May 09, 2014 by Thao Duong
Drexel University has been ranked 57th in the 2014 National Top 100 list of the United States Environmental Protection Agency for being one of the largest organizations that uses green power within the Green Power Partnership.
According to the EPA website, Drexel has consumed 96,678,000 kilowatt hours of green power annually, using 100 percent wind and solar power resources. Also in 2014, Drexel was ranked 9thon the EPA’s Top 30 College and University list of academic institutions that use renewable energy resources, and was recognized among 332 most environmentally responsible colleges in the U.S. and Canada by the Princeton Review, April 17. Moreover, the University also stood at 7th place in the 2012-13 College & University Green Power Challenge, which tracks the green power use of colleges and universities across the nation both individually and by athletic conference.
“It’s a combination of all of our sustainable programs so part of it is community outreach,” Vice President of University Facilities Robert Francis said in response to the achievements.
According to Francis, procurement policy, community engagement and academic curriculum are the three main legs upon which Drexel’s environmental programs stand.
The most essential project that contributes to the rank, however, is that the University has been purchasing renewable energy certificates from Community Energy, a business that provides clean, renewable, emission-free energy that is eco-friendly and will never be depleted. Until recently, a majority of the electrical consumption of the University relied on wind power with a mix of solar power. Drexel was one of the first universities to purchase wind generated energy in 2002.
The idea of adopting renewable energy by entering into a contract with PECO Wind was first initiated by President Constantine Papadakis in 2006.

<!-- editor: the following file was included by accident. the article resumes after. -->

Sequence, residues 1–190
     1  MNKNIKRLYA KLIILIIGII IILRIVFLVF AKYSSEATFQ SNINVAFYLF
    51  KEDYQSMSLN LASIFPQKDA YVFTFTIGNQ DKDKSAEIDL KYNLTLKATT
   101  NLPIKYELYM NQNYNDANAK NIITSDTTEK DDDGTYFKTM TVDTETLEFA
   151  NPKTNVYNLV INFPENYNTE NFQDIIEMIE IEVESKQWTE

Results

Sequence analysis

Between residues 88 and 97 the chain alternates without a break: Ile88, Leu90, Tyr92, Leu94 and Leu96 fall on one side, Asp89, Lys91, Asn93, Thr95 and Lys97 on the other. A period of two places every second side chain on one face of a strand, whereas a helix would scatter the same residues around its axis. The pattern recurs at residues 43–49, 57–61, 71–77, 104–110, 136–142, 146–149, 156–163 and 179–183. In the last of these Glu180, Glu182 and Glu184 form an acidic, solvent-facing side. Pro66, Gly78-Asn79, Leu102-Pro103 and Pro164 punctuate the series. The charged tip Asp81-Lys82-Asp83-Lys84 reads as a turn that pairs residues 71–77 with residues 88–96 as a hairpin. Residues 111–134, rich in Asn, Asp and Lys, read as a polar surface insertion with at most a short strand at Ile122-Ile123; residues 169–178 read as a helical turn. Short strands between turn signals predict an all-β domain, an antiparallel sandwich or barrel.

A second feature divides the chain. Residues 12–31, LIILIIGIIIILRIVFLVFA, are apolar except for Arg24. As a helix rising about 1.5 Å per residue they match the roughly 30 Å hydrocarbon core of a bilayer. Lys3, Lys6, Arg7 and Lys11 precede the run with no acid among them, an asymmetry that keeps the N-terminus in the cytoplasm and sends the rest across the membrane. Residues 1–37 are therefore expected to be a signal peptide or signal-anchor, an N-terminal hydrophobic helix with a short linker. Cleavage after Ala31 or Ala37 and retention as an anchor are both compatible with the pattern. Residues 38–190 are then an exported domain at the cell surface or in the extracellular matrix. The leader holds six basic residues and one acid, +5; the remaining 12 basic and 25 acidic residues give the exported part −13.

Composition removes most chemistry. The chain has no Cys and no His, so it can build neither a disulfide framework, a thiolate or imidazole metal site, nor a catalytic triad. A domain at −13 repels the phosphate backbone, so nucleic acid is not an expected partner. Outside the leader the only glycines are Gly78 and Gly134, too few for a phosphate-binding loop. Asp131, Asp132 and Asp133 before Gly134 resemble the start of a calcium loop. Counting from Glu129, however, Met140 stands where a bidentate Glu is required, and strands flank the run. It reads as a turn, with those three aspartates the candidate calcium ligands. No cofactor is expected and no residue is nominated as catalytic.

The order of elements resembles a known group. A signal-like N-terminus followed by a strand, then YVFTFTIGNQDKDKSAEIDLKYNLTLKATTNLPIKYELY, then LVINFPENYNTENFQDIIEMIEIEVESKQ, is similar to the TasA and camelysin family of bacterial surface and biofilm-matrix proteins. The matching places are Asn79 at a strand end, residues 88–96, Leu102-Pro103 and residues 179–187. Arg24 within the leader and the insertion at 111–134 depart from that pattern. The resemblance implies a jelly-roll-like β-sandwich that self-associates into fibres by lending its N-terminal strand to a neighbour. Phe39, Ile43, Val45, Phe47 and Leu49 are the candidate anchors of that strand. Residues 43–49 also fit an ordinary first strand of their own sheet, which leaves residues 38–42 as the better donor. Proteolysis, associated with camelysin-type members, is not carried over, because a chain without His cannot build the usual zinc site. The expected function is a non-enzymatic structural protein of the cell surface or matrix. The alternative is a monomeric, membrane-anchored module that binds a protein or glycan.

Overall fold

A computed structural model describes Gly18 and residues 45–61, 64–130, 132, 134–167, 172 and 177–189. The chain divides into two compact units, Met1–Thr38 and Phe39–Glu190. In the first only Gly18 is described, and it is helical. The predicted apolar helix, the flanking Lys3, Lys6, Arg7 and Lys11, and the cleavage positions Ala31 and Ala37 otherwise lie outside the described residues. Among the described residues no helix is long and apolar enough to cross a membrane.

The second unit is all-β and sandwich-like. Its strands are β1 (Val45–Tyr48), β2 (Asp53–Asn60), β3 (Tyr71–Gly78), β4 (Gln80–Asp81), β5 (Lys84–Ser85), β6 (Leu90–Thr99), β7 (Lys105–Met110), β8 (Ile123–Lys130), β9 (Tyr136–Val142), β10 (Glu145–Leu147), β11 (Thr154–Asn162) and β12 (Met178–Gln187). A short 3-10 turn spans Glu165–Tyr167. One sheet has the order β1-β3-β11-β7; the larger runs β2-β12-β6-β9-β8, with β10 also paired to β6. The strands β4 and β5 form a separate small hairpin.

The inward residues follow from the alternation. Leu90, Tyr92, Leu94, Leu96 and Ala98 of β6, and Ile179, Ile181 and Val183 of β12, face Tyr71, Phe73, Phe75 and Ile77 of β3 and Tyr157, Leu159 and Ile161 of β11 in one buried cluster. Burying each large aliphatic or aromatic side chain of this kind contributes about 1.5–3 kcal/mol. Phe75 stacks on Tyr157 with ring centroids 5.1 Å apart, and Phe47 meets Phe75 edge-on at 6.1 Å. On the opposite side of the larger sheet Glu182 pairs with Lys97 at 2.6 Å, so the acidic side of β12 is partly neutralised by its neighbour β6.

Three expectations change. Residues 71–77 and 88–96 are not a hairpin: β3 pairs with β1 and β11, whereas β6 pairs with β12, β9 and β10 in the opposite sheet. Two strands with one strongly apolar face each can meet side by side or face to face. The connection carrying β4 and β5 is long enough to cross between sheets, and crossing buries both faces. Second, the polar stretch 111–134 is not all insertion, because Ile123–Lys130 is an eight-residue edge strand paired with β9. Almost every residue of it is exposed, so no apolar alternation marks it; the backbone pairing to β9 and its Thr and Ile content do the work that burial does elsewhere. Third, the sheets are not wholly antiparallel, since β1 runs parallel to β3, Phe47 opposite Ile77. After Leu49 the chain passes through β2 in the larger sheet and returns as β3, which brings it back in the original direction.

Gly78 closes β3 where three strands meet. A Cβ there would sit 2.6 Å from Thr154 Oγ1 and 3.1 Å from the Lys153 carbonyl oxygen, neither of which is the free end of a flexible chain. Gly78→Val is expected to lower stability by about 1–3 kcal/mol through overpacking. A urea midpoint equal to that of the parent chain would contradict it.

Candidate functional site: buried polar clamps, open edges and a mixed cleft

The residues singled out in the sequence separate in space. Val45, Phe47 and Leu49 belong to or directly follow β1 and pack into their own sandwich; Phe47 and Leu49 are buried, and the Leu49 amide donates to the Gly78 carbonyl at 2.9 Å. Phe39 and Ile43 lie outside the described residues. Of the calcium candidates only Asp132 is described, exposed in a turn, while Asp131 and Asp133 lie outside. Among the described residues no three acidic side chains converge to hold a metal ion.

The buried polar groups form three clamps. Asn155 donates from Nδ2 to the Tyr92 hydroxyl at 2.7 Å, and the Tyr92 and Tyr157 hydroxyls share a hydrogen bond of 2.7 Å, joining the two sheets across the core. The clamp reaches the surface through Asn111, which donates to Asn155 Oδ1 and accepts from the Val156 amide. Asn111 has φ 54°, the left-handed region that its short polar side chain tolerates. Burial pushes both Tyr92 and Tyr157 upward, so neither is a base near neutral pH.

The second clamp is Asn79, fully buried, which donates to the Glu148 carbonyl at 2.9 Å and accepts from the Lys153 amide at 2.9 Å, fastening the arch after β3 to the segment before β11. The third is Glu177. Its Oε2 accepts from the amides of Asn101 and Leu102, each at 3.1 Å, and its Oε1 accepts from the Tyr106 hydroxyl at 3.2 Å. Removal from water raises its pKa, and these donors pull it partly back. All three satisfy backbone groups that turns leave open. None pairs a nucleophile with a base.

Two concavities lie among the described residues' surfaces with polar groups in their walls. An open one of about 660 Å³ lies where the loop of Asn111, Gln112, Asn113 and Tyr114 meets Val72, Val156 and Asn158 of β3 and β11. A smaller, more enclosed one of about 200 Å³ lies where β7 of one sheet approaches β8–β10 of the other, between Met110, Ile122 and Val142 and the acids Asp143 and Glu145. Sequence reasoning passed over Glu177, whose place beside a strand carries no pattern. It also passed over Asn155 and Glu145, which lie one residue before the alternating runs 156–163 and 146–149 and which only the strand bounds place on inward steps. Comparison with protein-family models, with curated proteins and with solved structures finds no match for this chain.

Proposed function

Senior Associate Vice President Joseph Campbell said, “It was during the orientation program where he announced that we were going to have some of our electricity from wind power. From that point on, we just have steadily increased our utilization of wind power.”
In 2006, wind power energy accounted for 30 percent of the total electricity consumption of Drexel University. At the end of 2010 and early 2011, 100 percent of energy was run by wind power offset. In 2013, the University took the opportunity to purchase solar power credits from the Keystone Solar Project in Lancaster, Pa., as an addition to its green power resources.
Drexel also focuses on the prospect of sustainability. Francis said, “We keep track of energy consumption [and] benchmark ourselves against similar campuses. For every 10 units of energy that other people consume, we consume six. So our energy consumption is only a little bit over half of the grades of our competitors.
“I would say that the most important thing that we do is that we’re conservative.”
The RECs are also dedicated to accomplishing the American College & University Presidents’ Climate Commitment that deals with reducing the emission of carbon dioxide and other greenhouse gases. According to Francis, the University was able to achieve the 40-year goal of the commitment immediately by buying the renewable credits. Eighty percent of the University’s carbon footprint has been reduced.